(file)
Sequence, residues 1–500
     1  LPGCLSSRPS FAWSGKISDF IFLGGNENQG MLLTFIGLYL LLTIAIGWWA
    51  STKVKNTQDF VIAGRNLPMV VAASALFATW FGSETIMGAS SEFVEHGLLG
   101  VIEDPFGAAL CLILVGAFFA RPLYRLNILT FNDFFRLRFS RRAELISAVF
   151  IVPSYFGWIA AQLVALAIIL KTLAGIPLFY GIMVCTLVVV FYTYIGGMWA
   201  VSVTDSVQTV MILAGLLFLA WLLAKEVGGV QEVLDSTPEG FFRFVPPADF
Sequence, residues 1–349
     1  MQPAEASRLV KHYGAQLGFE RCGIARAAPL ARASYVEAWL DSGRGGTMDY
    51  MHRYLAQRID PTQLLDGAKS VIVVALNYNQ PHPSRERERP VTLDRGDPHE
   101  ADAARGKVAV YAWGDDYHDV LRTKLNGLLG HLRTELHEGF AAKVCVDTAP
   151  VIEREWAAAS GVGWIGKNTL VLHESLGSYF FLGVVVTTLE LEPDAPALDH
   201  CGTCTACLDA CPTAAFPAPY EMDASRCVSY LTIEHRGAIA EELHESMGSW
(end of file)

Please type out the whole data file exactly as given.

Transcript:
Sequence, residues 1–500
     1  LPGCLSSRPS FAWSGKISDF IFLGGNENQG MLLTFIGLYL LLTIAIGWWA
    51  STKVKNTQDF VIAGRNLPMV VAASALFATW FGSETIMGAS SEFVEHGLLG
   101  VIEDPFGAAL CLILVGAFFA RPLYRLNILT FNDFFRLRFS RRAELISAVF
   151  IVPSYFGWIA AQLVALAIIL KTLAGIPLFY GIMVCTLVVV FYTYIGGMWA
   201  VSVTDSVQTV MILAGLLFLA WLLAKEVGGV QEVLDSTPEG FFRFVPPADF
Sequence, residues 1–349
     1  MQPAEASRLV KHYGAQLGFE RCGIARAAPL ARASYVEAWL DSGRGGTMDY
    51  MHRYLAQRID PTQLLDGAKS VIVVALNYNQ PHPSRERERP VTLDRGDPHE
   101  ADAARGKVAV YAWGDDYHDV LRTKLNGLLG HLRTELHEGF AAKVCVDTAP
   151  VIEREWAAAS GVGWIGKNTL VLHESLGSYF FLGVVVTTLE LEPDAPALDH
   201  CGTCTACLDA CPTAAFPAPY EMDASRCVSY LTIEHRGAIA EELHESMGSW